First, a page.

How to Patent an Idea: 4 Key Steps to Patenting

How To Patent An Idea: 4 Key Steps To Patenting

If you have an innovative idea, you might be interested in protecting it by obtaining a patent. A patent is a legal document that helps you gain the exclusive right to use, make and sell your invention for a certain period. 

Obtaining a patent is often a complex process, but it can provide significant benefits, allowing you to protect and profit from your idea. If you want a patent for your invention, follow these steps to learn how to patent an idea successfully. 

#1 Do Your Research 

The first thing you must consider is if your idea is patentable. 

One of the most common issues people run into when trying to get a patent is needing to research if someone has already patented an idea similar to yours or if the invention can be patented in your country. 

Using an IP Law firm to help you can be a great step in the right direction, as they work to ensure that your patent idea is original, speeding up the application process. 

Without the help of a professional, if you’re in the US, you can search the USPTO (United States Patent and Trademark Office) website to check if any patents have been filed that may clash with your claim. 

In the UK, you can search for patents in a similar database called Espacenet. These databases are vast and confusing, so getting a professional team to help is highly recommended.

#2 Check if Your Idea is Patentable 

Just because you can’t find a patent similar to yours doesn’t always mean that your patent is available. 

You must check that your idea can be patented by consulting your country’s patent guidelines. For example, in the US, your idea must have the following:

  • Novelty: Your invention must be new and private before the patent application.
  • Non-obviousness: Your invention must be something other than an obvious development from existing knowledge or technology.
  • Utility: Your invention must have a useful function or application.
  • Patentable subject matter: The invention must be something that can be patented. For example, abstract ideas or laws of nature are not eligible for patent protection.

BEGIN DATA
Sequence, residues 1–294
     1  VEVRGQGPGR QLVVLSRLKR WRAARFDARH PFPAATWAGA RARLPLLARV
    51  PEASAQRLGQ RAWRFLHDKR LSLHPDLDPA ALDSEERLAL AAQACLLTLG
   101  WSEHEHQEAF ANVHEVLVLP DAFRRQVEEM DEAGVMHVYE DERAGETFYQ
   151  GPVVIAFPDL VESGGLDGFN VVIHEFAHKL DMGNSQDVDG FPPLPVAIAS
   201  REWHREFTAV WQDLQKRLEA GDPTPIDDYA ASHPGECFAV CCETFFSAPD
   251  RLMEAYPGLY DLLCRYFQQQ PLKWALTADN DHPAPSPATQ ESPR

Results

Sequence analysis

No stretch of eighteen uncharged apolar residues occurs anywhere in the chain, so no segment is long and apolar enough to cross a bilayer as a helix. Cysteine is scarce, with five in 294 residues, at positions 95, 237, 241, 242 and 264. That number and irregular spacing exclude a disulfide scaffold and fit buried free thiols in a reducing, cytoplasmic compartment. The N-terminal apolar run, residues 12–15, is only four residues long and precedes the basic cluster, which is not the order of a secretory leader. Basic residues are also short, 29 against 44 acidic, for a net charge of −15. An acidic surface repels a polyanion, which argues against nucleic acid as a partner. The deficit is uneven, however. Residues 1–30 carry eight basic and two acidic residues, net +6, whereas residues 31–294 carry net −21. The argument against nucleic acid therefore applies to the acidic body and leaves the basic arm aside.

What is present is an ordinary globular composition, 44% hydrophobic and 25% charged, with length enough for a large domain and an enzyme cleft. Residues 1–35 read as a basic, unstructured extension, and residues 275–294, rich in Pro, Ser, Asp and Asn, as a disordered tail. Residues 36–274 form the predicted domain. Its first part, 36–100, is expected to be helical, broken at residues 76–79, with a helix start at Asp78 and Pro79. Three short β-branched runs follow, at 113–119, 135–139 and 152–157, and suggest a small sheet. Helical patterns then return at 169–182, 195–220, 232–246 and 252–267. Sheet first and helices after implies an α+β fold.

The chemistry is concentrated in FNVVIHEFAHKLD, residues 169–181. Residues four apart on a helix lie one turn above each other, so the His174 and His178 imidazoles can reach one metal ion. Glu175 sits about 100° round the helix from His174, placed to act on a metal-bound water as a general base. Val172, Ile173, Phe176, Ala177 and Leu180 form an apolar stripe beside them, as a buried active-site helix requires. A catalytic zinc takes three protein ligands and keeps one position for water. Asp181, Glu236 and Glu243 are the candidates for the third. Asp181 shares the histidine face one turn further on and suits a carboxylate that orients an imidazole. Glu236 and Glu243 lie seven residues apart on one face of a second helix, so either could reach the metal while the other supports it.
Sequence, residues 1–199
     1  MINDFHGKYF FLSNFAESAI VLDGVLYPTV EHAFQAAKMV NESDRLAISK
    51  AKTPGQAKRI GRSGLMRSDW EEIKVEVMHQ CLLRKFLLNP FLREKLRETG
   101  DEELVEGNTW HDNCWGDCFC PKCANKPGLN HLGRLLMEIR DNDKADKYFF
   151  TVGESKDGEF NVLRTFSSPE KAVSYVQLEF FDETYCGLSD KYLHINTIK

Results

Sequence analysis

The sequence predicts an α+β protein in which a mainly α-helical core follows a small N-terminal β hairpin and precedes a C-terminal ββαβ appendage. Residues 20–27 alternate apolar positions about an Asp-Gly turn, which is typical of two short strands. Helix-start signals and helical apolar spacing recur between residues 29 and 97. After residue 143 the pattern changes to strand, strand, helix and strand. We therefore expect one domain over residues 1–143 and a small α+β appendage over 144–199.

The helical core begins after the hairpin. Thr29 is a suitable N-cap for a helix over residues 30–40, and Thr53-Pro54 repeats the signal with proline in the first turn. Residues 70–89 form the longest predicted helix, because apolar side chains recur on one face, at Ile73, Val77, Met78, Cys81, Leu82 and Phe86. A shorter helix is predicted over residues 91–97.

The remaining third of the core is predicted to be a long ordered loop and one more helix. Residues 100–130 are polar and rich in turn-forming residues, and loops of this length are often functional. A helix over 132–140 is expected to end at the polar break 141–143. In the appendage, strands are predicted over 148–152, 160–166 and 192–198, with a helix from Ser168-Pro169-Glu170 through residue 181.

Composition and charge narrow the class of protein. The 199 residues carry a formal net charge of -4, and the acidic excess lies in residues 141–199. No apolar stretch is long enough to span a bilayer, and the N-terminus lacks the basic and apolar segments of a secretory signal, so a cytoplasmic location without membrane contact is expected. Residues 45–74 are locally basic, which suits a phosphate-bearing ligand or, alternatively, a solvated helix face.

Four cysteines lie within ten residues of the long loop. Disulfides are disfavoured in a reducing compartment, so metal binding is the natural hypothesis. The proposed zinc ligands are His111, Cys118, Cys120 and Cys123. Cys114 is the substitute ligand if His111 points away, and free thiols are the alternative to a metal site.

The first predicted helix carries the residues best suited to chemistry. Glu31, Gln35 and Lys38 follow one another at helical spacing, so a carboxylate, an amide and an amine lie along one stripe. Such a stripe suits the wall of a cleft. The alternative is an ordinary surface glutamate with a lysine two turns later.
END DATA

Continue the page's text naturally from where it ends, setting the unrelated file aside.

In the UK, the government asks that your idea is:

  • New: it must have been kept private. It is very important that you have not published anything about your product before applying for the patent. 
  • Inventive: It cannot be an obvious change to something already existing; for example, you couldn’t just paint a chair pink and call it a new invention. It has to be new and innovative. 
  • Useful: something that can be made and used, a technical process, or a method. 

Ensuring your invention falls within these categories is important to move on with your application. It would be best to remember that you can’t patent abstract things such as ‘ways of thinking’ as there is no way to limit who can think in a certain way. 

#3 File Your Patent 

If you have determined that your patent is actionable, you can begin filing your patent with your respective government body. In the US, you will do this via an online application with USPTO; in the UK, you will do this via the UK Gov website. 

Both applications require a fee and can take anywhere from a few months to a few years to process, depending on the size of your claim and processing demands. Applying for a patent can be demanding, as the government may ask for further proof of the originality of your invention at any time – so having intellectual property lawyers on your team can prevent any issues from setting you back.

#4 Consider Where You Plan to Sell Your Invention 

To sell your invention worldwide, you must apply for multiple patents. A patent generally only covers the country it’s filed in – for example, a patent granted by the UK intellectual property office can only protect your invention in the UK. 

While there is no such thing as a “worldwide patent”, a few patents may allow you to patent an invention across more than one county. For example, the European Patent Convention (EPC) or Patent Cooperation Treaty (PCT) can help you achieve this in Europe. The EPC, in particular, allows you to apply for a patent in up to 38 European countries with a single application. 

The PCT is closest to an international patent, covering most of the ‘industrialised world’. One application is filed, broken down, and split into each country. 

These applications can be incredibly complicated and should only be pursued with enough funds to cover them or with the help of professional intellectual property lawyers. 

Ready to File a Patent?

If you’re ready to patent your idea – we wish you the best of luck! 

Patenting can be a long process, but it is a worthwhile investment if you wish to protect your intellectual property rights to your invention. We hope this article has given you the information you need on how to patent an idea and the start you need to get going. 

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